Reoccupying traditional territory and revitalizing cultural practices
British Columbia, Canada
For the past nine years, under the direction of their hereditary chiefs and elders, members of the Unist’ot’en Clan of the Wet’suet’en Nation have been working to reoccupy their traditional territory and revitalize cultural practices among their people.
The Unist’ot’en have constructed three buildings and a pit house on their traditional land. They occupy the territory year round and are able to house and feed up to 60 people at a time with indoor accommodations. The latest of the three buildings is the Unist’ot’en healing centre, which is specifically intended to be a treatment facility for Indigenous People to access counselling and participate in artistic residencies. Unist’ot’en’s work is entirely governed by their traditional laws and hereditary decision-making system. The camp is led by Unist’ot’en spokesperson Freda Huson and the majority of the chiefs of the Unist’ot’en territory are women, as the Unist’ot’en are a matriarchal society. The camp is located along the proposed route of multiple LNG pipelines, including Coastal GasLink.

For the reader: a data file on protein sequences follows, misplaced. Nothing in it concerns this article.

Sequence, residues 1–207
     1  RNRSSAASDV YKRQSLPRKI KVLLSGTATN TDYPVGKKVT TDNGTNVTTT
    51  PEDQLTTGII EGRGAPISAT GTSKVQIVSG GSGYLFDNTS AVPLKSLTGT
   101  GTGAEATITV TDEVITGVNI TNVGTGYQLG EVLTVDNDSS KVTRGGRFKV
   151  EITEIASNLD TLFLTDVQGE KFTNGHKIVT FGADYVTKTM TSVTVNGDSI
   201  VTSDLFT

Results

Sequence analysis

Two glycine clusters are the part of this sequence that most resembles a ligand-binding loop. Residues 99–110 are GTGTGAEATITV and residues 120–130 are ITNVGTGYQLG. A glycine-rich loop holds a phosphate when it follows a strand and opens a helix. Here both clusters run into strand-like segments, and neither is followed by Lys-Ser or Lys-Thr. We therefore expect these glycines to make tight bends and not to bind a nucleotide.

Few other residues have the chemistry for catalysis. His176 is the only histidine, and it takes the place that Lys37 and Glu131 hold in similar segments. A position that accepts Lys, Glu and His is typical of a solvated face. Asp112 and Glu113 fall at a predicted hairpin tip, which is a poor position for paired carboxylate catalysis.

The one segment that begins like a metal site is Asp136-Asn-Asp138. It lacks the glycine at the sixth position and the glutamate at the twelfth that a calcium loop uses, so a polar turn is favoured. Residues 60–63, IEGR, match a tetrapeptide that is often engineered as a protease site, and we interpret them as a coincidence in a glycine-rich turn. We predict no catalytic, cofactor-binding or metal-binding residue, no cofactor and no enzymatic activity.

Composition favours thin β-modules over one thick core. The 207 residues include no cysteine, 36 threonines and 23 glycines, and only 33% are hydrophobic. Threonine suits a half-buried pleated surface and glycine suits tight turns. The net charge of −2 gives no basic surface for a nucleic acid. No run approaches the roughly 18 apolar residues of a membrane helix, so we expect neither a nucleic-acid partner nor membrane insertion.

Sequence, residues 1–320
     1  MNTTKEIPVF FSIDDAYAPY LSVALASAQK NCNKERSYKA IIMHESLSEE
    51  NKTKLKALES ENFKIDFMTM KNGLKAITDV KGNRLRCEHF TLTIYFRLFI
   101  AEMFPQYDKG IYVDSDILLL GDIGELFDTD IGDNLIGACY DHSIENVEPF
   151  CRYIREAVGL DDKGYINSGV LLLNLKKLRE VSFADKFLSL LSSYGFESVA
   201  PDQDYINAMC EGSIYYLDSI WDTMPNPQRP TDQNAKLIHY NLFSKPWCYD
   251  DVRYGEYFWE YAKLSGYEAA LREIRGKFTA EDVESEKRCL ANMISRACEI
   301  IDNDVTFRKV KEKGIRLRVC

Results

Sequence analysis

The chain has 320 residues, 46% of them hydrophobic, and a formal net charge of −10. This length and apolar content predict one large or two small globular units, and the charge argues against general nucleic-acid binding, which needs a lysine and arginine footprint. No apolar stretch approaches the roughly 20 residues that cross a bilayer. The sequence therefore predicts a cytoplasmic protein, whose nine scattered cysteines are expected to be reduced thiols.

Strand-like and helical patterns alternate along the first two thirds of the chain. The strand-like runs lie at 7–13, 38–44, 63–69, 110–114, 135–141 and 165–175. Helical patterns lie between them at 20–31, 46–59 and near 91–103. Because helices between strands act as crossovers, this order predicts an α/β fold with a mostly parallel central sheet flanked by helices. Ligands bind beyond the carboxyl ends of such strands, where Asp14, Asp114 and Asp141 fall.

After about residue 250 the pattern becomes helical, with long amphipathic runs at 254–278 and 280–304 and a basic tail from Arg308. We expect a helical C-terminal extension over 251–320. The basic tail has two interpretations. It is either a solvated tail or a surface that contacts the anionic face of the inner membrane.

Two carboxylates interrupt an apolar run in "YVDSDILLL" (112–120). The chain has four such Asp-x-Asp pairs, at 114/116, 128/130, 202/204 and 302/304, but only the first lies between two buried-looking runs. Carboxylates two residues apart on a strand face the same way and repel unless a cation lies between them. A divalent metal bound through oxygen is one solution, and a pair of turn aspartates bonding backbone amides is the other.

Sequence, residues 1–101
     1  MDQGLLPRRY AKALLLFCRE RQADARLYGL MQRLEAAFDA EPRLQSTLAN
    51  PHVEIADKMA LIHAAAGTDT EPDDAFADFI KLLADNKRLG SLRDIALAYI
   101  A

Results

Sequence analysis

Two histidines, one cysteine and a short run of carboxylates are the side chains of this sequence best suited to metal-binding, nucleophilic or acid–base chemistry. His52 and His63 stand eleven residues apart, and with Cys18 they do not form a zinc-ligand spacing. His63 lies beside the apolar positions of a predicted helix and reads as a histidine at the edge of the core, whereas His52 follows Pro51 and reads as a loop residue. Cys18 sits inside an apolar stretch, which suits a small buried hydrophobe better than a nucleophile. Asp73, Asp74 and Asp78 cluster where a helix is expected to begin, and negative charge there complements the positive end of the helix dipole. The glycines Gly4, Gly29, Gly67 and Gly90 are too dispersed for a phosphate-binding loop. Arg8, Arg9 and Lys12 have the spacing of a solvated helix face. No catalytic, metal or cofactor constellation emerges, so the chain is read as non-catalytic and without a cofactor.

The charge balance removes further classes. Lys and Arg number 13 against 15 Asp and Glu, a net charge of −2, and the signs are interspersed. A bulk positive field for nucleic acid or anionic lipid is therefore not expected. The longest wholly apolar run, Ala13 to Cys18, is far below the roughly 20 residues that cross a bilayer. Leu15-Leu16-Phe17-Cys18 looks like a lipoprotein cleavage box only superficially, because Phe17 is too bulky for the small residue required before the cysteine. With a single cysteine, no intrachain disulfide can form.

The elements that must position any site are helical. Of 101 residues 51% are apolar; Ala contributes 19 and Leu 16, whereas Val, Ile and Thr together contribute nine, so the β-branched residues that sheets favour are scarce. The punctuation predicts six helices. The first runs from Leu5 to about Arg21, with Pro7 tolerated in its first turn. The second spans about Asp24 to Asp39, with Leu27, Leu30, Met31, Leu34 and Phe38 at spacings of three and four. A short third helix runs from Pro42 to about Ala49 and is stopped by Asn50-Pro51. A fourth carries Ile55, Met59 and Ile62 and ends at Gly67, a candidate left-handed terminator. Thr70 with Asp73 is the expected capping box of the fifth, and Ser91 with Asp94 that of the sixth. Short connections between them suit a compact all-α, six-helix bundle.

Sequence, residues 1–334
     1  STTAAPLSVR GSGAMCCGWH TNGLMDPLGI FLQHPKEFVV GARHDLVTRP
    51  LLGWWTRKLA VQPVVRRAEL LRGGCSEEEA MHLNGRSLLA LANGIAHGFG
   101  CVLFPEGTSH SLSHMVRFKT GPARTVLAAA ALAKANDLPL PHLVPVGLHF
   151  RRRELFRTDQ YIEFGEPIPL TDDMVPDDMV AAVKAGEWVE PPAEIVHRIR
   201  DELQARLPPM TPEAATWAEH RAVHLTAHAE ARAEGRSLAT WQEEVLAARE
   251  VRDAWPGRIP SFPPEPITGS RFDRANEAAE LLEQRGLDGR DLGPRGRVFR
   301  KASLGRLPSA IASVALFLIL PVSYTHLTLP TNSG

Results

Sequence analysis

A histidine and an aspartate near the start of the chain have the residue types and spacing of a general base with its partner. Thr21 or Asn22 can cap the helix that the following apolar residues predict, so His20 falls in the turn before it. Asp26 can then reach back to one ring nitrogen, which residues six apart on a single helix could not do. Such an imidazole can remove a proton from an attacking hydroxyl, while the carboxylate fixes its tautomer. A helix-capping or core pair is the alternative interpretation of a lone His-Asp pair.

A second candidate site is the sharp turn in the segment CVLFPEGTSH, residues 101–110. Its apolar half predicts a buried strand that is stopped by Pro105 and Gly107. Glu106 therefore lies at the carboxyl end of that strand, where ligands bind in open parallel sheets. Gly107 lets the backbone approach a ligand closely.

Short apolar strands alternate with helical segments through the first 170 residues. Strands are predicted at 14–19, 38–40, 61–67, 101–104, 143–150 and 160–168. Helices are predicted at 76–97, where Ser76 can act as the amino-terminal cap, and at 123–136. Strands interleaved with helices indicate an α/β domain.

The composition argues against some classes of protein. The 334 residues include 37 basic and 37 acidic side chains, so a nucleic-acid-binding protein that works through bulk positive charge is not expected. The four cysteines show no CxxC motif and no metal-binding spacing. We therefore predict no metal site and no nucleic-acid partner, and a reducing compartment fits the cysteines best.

“All Wet’-suwet’en Clans have rejected the pipeline because our medicines, our food, and our water are all here and not replaceable. These legal challenges ignore the jurisdiction and authority of hereditary chiefs and our feast system of governance, which was recognized in the 1997 Deglamuukw-Gisday’wa Supreme Court case.”Freda Huson, spokesperson